While the Lodi Unified School District recently allowed its teachers to work from home during the COVID-19 pandemic, classified employees are asking why they haven’t been afforded the same opportunity.

Many of the district’s classified employees work in the food services, maintenance and custodial departments, and are Hispanic, elderly or both — two of the demographics health officials say are most vulnerable to COVID-19.

Debra Ladwig, president of the California School Employees Association’s Lodi unit, said many of the union’s members have expressed concern about returning to campuses or the district office, for fear of being exposed.

The district is supposed to allow employees use their Family Medical Leave Allowances liberally and work from home when possible, she said.

Under expanded FMLA leaves, Ladwig said, employees are allowed to self-isolate because they are vulnerable to the virus for only 10 days; to quarantine when they are exposed; and to take care of their children due to school closure or lack of childcare with two-thirds pay for 10 weeks.

“Once these expanded FMLA leaves are exhausted, our unit members must use their own leaves unless the district provides a reasonable accommodation,” Ladwig said. “We have had many calls and emails from our members who have been denied or delayed their requests for reasonable accommodations and we have responded to district officials asking them to provide the legal authority for such denials.”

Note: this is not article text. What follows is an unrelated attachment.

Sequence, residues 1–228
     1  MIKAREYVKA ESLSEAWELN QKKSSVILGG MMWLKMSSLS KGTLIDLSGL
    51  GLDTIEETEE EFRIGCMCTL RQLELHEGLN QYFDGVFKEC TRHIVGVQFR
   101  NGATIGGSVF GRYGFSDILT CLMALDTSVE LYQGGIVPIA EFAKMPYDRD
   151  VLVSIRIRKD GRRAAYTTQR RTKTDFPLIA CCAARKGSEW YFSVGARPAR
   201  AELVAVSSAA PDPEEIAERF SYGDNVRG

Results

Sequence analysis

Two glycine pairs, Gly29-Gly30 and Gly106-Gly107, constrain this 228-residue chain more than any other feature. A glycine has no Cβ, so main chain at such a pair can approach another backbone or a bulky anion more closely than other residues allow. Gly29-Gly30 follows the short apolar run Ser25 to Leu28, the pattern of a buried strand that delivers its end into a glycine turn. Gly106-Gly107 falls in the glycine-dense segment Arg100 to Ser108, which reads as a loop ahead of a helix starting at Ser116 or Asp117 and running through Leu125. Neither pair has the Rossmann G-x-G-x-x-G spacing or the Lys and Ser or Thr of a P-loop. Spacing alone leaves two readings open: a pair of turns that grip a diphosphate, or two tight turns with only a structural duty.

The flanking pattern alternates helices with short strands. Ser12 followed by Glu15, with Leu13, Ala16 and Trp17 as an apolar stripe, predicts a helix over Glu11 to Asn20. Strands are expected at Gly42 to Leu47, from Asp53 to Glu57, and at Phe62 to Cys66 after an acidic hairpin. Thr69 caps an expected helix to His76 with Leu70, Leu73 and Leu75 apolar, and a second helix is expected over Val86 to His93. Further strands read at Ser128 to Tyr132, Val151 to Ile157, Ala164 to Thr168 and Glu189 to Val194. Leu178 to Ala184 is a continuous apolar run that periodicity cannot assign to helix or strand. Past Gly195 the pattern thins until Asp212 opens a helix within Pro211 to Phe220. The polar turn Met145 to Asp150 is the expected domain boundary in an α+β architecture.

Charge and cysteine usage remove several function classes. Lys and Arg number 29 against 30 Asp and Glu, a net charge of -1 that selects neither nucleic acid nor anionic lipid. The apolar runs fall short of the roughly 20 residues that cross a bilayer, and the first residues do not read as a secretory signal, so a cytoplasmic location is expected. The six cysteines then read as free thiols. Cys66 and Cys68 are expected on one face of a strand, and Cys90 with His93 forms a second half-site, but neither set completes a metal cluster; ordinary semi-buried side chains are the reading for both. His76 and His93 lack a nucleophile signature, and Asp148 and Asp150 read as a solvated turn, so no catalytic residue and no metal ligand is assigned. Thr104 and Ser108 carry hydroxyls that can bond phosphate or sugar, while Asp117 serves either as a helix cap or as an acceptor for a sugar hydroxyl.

According to Ladwig, district administration has told the union it is up to supervisors and school principals to approve and deny requests to work from home.

Many principals and supervisors are denying requests not only from the most vulnerable employees, Ladwig said, but from parents who do not have access to child care.

Since the pandemic began in March, employees have reported at least two departments — custodial at Tokay High School and the district’s Custodial Response Team — have had to quarantine due to possible exposure, Ladwig said.

The district has also experienced limited shutdowns because of exposure and illness related to the virus, she said.

In late March, the district closed the James Areida Education Center at 1305 E. Vine St. after an employee self-reported they tested positive for the virus.

While it is necessary for union members to provide in-person services such as maintenance and feeding hungry students, Ladwig said, the CSEA does not believe all classified employees should be required to work on campus during the pandemic.

“Many of our folks who provide these necessary in-person services have been working straight through since the inception of the stay-at-home orders mid-March,” she said. “With the current San Joaquin County exposures and illnesses, we feel that bringing all employees to school sites puts the safety and health of our employees and the entire community in jeopardy.”

In a short email response to the News-Sentinel, the district said no order has closed school or work sites to employees, and that it has health and safety measures in place that align with San Joaquin County Public Health Services’ guidelines.

There are also procedures in place for individual employees who qualify for specific types of leave, and employees report to their work site in accordance with their work schedule and contract, the district said.

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